Artifice // American Web Comic Review

Welcome to Queer Fudanshi! Let’s Talk. In this post we’re going to be talking about Artifice.

Artifice is an American web comic by Alex Woolfson (story) and Winona Nelson (art). If you recognize Alex’s name it’s because he is the same guy who made The Young Protectors.

The official premise for Artifice goes:

“Deacon, a prototype android soldier, was ordered by his corporate masters to eliminate a team of scientists who knew too much and he has failed spectacularly. Not only did he let one of his targets live — 19-year-old human outcast, Jeff Linnell — he attacked the team sent to retrieve him. Now the Corporation demands answers and they have employed the brilliant and ruthless robopsychologist Clarice Maven to get them.

Deacon seems desperate to conceal the shocking events that took place on Da Vinci 4, but what chance does he have fighting an adversary who can control his every move?”

My Thoughts Before Reading

My biggest thought right now is that I’m amazed that the comic is so short. It’s only one chapter long (though that’s made up of 88 pages). Honestly, I know basically nothing about this story besides the title, but I LOVE The Young Protectors and as such I have a lot of faith in Woolfson. Let’s see if it’s not misplaced.

This is Artifice.*

Note: There are several translations of the story including Spanish, German, Dutch, and more. You’ll find them under the images on each page.

Where to Read (For Free):

The Official Yaoi 911 Website

Where to Buy (In Book Form):

The Yaoi 911 Online Store

The Talk (Spoilers Ahead):

Great Writing

This story is very dialogue heavy. In fact, it’s a lot like a theatrical/stage story because of that. There are only three characters, it’s very dialogue heavy, and it’s very introspective concerning the character’s thoughts and emotions. Because of those qualities, I couldn’t help thinking that this story would work wonders as a stage production. (Don’t worry though, there is action in this story and quite a few people die.)

The story takes part as an interview/therapy session that’s being used to access if Deacon needs to be decommissioned or not. The session then intertwines with flashbacks of the botched mission before then running into a final scene at the end. This set up was an interesting take that pulled me into the intensity of the story.

As a side note: I like the work that Woolfson did towards world (or in this case universe) building for the the story. e included the existence of a gay gene, and had that be part of Jeff’s background.  “A C37 Pair in the X Chromosome,” as Jeff called it.

In addition, Woolfson combined that with the idea that Jeff lived in a regressive outer colony, which makes total sense. Again, nice world building and writing.

Deacon (and Jeff)

You can also buy this image as a print at the store.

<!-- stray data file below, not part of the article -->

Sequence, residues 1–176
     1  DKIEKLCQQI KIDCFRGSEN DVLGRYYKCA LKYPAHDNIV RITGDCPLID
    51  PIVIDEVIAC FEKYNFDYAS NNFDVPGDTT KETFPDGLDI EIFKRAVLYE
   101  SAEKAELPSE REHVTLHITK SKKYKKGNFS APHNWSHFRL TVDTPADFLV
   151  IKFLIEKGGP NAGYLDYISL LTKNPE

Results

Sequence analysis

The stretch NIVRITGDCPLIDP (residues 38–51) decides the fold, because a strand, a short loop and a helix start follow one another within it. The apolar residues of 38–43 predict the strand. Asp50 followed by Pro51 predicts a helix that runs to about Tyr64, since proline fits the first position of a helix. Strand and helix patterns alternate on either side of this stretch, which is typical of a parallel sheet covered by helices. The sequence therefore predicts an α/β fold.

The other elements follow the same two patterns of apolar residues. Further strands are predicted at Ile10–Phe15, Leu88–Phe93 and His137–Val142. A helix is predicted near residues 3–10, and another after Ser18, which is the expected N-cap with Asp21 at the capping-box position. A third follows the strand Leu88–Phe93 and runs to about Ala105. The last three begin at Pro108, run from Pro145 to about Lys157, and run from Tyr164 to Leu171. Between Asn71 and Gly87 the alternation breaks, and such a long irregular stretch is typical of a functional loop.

As for the main characters, Deacon takes on great character development, Jeff is personable and fun, and Dr. Maven is powerful and striking.

Despite the story being surrounded by dark things, mass murder, assassination missions, corrupt corporations and such, the main couple are sweet and adorable. They are both so innocent and simple together, yet also dynamic and compelling. That connection and chemistry between the two of them made the romance scene between them so much better. I’ll be honest, my fudanshi/fanboy came out. But really, it was Deacon’s blunt honesty about wanting to explore sex with Jeff that was most interesting about the love scene.

Honestly, Deacon was the most interesting out of the two. Deacon who was so confidant at the start of the story flipped to the kneeling begging character and then back to the badass at the end. All of it was a show of great writing. Alex Woolfson truly is a writer to be praised as he can make such a dramatic story and make such interesting character development.

Dr. Maven

I also have to give props to the therapist Dr. Maven who was both interesting and infuriating. She gave off this air of being a highly educated and regarded individual. She also said as much. That was great because her conversations with Deacon seemed very intellectual and gave off that dramatic/theatrical vibe. That was also bad because at times she came off as haughty.

Generally, she was such a strong and powerful character that until the ending I wouldn’t even call her a villian. She was just a good doctor.

In Conclusion

This story is absolutely fantastic. I loved reading it from start to finish. Not only is the artwork amazing, but the story is so full of great dialogue and characterization. Honestly, if I was more established as a playwright I would call Woolfson up right now and try to strike up conversation of adapting Artifice into a play!

My rating for Artifice is 5 stars out of 5. And a QF Star! What’s Yours?